Each week, SFCV looks behind the scenes to give you a sneak peak of what's coming up on stages around the Bay Area...so you can learn about concerts before they happen.
But it’s Brahms that Symphony Silicon Valley listeners will be hearing in the California Theatre on March 26-29. The great Violin Concerto that Brahms wrote for his close friend Joseph Joachim in 1878 is the music. This “symphonic song for the violin,” as one critic called the work, is Brahms at his most expansive and lyrical, and it has a flamboyant, Hungarian-gypsy rondo finale tailor-made for the talents of soloist Ju-Young Baek. A young woman with one of the richest and most powerful violin tones I’ve heard from anybody, male or female, she has been a strong and passionate performer with SSV in music by Sibelius and Piazzolla. The Brahms is long, and hard to play, but violinists since Joachim have found it enjoyably worth the trouble.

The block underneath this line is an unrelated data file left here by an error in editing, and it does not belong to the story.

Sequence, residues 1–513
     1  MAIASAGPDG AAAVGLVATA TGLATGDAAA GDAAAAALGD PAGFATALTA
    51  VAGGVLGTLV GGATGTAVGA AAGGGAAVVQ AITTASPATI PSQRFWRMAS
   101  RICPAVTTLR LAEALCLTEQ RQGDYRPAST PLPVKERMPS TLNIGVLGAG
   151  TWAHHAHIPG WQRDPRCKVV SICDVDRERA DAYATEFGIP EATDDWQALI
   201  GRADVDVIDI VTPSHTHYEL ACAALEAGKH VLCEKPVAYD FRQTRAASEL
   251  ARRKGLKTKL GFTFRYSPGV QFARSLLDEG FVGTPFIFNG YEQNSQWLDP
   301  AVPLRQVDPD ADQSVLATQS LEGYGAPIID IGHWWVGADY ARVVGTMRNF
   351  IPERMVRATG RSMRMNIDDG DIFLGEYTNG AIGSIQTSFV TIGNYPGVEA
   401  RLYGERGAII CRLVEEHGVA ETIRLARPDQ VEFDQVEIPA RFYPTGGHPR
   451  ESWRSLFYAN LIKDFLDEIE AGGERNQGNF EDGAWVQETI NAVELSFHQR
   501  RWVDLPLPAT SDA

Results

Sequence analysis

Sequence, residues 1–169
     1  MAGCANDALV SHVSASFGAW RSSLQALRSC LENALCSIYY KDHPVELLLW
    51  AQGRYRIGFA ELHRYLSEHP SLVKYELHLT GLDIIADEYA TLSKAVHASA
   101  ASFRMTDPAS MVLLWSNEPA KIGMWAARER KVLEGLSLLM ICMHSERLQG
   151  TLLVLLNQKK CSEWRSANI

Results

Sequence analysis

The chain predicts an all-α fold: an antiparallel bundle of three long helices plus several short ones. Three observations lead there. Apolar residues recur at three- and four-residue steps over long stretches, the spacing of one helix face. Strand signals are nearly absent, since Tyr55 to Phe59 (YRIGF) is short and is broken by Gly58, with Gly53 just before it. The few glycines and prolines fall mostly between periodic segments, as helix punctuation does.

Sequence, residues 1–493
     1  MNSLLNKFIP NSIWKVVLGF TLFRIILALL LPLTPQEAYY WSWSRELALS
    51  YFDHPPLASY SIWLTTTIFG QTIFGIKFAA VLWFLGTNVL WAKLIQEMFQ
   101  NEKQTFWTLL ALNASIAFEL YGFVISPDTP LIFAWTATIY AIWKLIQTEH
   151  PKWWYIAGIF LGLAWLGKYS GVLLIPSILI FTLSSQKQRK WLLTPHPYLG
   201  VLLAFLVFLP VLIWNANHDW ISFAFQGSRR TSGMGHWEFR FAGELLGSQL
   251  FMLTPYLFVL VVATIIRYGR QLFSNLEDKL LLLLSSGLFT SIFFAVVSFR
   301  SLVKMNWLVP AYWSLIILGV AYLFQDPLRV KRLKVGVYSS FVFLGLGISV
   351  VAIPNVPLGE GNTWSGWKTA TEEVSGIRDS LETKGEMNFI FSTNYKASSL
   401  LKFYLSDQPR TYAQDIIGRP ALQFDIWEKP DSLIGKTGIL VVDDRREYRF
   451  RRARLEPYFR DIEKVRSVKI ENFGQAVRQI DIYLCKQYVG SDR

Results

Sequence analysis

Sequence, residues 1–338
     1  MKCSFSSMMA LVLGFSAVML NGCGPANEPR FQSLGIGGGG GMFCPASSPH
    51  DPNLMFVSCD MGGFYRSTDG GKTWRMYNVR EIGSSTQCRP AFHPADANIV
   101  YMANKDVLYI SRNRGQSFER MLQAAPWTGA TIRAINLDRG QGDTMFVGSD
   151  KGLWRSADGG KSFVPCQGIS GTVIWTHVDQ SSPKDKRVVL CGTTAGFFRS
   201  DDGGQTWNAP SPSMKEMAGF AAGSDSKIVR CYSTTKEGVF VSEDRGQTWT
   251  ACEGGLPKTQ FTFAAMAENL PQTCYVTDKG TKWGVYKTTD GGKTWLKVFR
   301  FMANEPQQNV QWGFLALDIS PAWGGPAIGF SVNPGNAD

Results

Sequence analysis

Who goes better with Brahms than his friend and protégé Antonín Dvořák? The SSV Web site calls the Symphony from the New World “a thoroughly European work,” but it’s really not. Dvořák picked up more than a superficial view of America during his residence here in the 1890s. In his “American” works he abandoned the rhapsodic, unevenly accented style of his Czech homeland and tried for something plainer, foursquare, and rhythmically symmetrical, befitting his view of the American landscape and peoples. You can trace a little of the open harmonies and precise rhythms of Aaron Copland back to this work.